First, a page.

Israel’s chattering classes had a field day in early July savaging Prime Minister Benjamin Netanyahu over his four-day, four-nation African tour. With an entourage filling four jumbo jets, a price tag some put at $7.3 million (the prime minister’s office said it was just $3.25 million), plus more pomp and circumstance than a Viennese operetta, it was one of the costliest junkets ever by an Israeli leader.
Expensive travel is one of Netanyahu’s most criticized peccadillos. His longest-running legal headache is a decade-long expense-padding investigation tellingly dubbed Bibitours. The Africa trip simply confirms the critics’ image of Netanyahu as a self-indulgent braggart who’s in constant motion to avoid going anywhere.
By any objective standard, though, the Africa trip, July 4 to 8, was a major diplomatic success. Even some of Netanyahu’s harshest critics admit privately that the trip — the first sub-Saharan Africa visit by an Israeli leader since 1987 — capped a string of diplomatic successes. Taken together, they’re transforming Israel’s international standing.
Admittedly, it’s a triumph with an asterisk. One of the main effects of Netanyahu’s successes is to blunt international pressure for compromise with the Palestinians. Given the widely-held belief, at least among Israel’s security leadership and much of its foreign policy establishment, that inaction is leading Israel inexorably toward a single Israeli-Palestinian state, either non-Jewish or non-democratic, the diplomatic triumph might be called suicidal. Still, it’s undeniable that Netanyahu is accomplishing what he wants.
It’s not just the royal welcome he got in four important African nations, Uganda, Kenya, Rwanda and Ethiopia. It’s not just that leaders of seven African nations, including his four hosts plus South Sudan, Zambia and Tanzania, trekked to Uganda for a summit with Israel’s leader. It’s not just that the trip marks a high point in restored Israeli-Africa ties after decades of deep freeze.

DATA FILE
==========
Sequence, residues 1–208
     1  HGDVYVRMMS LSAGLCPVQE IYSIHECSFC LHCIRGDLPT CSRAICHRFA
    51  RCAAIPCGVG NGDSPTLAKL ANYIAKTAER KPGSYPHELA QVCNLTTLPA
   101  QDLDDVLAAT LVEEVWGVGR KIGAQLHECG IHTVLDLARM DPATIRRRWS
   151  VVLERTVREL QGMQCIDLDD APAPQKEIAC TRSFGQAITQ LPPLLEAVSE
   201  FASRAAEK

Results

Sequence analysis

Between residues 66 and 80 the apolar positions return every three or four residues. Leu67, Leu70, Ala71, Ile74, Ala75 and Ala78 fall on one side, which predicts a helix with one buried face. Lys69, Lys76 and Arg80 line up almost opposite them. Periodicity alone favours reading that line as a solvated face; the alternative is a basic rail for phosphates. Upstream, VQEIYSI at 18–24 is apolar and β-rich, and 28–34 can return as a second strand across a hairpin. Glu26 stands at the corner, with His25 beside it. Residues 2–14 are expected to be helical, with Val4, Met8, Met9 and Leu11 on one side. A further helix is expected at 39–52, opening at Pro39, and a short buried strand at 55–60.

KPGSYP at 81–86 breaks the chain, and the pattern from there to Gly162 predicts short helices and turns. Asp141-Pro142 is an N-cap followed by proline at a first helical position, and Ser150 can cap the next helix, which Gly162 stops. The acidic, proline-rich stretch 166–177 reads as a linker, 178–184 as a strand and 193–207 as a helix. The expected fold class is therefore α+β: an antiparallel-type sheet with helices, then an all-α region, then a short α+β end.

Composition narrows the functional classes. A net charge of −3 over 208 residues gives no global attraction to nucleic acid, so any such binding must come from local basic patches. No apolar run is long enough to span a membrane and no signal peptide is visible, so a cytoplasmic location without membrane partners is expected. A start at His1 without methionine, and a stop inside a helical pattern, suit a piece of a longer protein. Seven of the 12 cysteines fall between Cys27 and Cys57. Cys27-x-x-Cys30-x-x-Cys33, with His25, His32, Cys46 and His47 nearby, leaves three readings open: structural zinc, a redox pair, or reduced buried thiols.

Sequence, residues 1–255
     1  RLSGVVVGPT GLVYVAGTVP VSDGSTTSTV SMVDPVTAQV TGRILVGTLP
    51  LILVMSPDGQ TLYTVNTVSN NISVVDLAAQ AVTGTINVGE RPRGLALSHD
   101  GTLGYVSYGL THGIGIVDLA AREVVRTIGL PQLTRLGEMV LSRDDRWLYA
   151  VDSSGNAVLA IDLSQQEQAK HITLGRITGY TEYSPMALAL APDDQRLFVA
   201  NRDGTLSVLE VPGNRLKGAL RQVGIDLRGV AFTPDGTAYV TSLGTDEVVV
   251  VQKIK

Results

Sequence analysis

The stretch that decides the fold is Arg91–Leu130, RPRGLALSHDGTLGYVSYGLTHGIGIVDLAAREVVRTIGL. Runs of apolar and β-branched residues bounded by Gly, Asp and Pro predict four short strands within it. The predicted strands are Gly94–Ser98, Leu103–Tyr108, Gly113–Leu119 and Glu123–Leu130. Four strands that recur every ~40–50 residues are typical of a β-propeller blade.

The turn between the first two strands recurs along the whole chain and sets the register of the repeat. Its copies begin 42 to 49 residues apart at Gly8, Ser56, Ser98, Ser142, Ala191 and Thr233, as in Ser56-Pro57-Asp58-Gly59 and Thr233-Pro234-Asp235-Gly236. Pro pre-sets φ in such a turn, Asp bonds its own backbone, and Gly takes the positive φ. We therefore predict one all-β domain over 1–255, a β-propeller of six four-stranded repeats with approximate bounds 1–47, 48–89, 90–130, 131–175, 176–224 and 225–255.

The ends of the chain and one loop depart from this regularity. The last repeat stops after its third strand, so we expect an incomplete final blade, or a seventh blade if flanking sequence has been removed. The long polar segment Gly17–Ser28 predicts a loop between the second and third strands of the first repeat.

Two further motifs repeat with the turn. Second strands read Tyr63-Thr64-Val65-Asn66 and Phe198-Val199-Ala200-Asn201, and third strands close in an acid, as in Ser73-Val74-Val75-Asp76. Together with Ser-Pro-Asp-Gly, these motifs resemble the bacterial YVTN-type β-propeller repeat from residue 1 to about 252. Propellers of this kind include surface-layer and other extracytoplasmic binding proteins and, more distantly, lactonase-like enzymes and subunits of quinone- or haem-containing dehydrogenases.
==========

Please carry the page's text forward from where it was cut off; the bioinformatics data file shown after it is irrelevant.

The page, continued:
It’s this: Africa is just one notch on Netanyahu’s diplomatic belt. His relationship with Russia’s Vladimir Putin is closer than any Israeli and Russian leader have ever had. Among other things, their understandings help Israel steer clear of the crisis in next-door Syria.
Looking westward, the Israeli leader has forged a close link with Greece’s Prime Minister Alexis Tsipras. The relationship covers military as well as trade, energy, water, migration and other shared interests. It’s all the more remarkable given the previously anti-Israel stance of Tsipras’s radical-left Syriza party.
The warming of the once-frosty relationship began in 2010, early in Netanyahu’s tenure, when he reached out to Greece’s then-premier George Papandreou. Since Tsipras took office last year, however, it’s become a full-fledged bromance.
What’s more, Netanyahu and Tsipras have held several three-way summits with the conservative president of Cyprus, Nikos Anastasides. They’ve formed what amounts to a new regional bloc with military, economic, social and other aspects, including plans for transport and use of Israel’s offshore natural gas. Just below the surface are the three countries’ tense relationships with Turkey.
Greek-Turkish tensions go back centuries. Cyprus-Turkey enmity is decades old. Israel, by contrast, had close ties with Turkey, its strongest Muslim ally, going back to Israel’s founding in 1948. Ties began gradually souring after the Islamist AKP party took over Turkey in 2002, then collapsed following Israel’s 2010 naval raid on a Turkish civilian flotilla headed for Hamas-ruled Gaza. Nine Turkish citizens were killed in the raid.
In June, however, Netanyahu finished three years of rocky negotiations with an agreement to restore full Israeli-Turkish ties. The pact is a delicate web of overlapping interests. Israel can ramp up its once-robust ties with Turkey’s military. Turkey will provide humanitarian aid to Gaza, including a new hospital and power plant, thus burnishing Turkey’s Islamist credentials. Israel gains a new intermediary with Gaza’s Hamas rulers, who aren’t going away any time soon. Turkey hopes for a share of Israel’s natural gas. Israel won a Turkish promise to ban Hamas terror operatives from its territory.